Assessing prevalence of alcohol consumption in early pregnancy: Self-report compared to blood biomarker analysis

Helen Howlett, Shonag Mackenzie, William Keith Gray, Judith Rankin, Leanne Nixon, Anthony Richardson, Eugen-Matthias Strehle, Nigel William Brown

Research output: Contribution to journalArticlepeer-review

10 Citations (Scopus)


Providing appropriate antenatal and postnatal care for women who drink alcohol in pregnancy is only possible if those at risk can be identified. We aimed to compare the prevalence of alcohol consumption in the first trimester of pregnancy using self-report and blood biomarker analysis. Six-hundred routine blood samples from 2014, taken at the antenatal booking appointment, in the first trimester of pregnancy, were anonymously analysed for the presence of Carbohydrate Deficient Transferrin (CDT), a validated marker of chronic alcohol exposure (normalising 2–3 weeks from abstinence) and Gamma Glutamyltransferase (GGT), a liver enzyme elevated for up to 8 weeks after alcohol exposure. In a separate sample of women, from 2015, data taken during the antenatal visit, documenting women's self-reported alcohol consumption, were collected. The percentage of women who reported alcohol intake in the first trimester was 0.8%. This compared to 74.1% of women who reported consuming alcohol before pregnancy. CDT analysis revealed a prevalence rate of 1.4% and GGT a prevalence rate of 3.5% in the first trimester of pregnancy. Although those with elevated CDT generally had high levels of GGT, only one person was positive for CDT and GGT. Results from CDT analysis and self-report may underestimate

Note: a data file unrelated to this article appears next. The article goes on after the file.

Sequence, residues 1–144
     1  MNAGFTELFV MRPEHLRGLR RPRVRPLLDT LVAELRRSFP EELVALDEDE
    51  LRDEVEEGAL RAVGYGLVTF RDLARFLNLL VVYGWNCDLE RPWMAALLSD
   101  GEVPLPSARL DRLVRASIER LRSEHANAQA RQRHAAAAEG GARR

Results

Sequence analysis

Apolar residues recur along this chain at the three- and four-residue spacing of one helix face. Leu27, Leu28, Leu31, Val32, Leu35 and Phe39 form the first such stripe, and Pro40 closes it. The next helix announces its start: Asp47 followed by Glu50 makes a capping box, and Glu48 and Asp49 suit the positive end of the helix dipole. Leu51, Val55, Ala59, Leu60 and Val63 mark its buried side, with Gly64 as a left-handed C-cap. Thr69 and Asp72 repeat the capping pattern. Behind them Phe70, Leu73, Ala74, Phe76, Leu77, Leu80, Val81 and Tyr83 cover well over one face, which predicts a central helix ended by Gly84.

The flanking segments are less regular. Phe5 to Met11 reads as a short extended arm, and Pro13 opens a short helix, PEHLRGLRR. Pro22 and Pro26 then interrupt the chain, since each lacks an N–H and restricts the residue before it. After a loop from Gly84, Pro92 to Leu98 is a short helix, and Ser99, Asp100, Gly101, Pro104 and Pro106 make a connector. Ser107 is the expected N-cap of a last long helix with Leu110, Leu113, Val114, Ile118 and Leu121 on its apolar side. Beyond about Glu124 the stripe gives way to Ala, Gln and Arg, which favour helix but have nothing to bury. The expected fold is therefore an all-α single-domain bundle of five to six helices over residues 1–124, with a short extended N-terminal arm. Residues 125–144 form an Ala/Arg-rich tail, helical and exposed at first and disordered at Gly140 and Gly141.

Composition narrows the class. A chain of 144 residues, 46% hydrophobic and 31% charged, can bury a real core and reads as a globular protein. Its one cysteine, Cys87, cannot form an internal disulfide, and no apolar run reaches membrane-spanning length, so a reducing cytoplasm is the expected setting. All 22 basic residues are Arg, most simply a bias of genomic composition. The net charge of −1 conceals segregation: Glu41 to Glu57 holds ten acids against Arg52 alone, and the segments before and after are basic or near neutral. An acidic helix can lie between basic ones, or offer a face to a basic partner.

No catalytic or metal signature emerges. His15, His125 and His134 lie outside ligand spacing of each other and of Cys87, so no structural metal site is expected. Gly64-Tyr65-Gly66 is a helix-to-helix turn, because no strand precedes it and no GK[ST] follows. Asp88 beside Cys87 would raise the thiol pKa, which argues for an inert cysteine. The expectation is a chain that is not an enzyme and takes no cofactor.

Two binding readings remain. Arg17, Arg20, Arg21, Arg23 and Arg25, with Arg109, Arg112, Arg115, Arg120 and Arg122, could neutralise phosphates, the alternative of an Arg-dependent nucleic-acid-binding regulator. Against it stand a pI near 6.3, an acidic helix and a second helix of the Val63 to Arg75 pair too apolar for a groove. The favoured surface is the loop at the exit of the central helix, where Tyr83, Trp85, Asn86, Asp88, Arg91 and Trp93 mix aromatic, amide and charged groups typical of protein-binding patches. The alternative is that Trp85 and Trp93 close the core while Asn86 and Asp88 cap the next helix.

prevalence for different reasons. GGT appeared to lack specificity, but it may have value in supporting findings from CDT analysis. Further studies using additional blood biomarkers, or a combination of blood biomarkers and self-report, may be beneficial in accurately detecting alcohol drinking history in pregnancy.
Original languageEnglish
Pages (from-to)531-538
Number of pages8
JournalEuropean Journal of Medical Genetics
Issue number9
Early online date12 Sept 2018
Publication statusPublished - Sept 2018
Externally publishedYes


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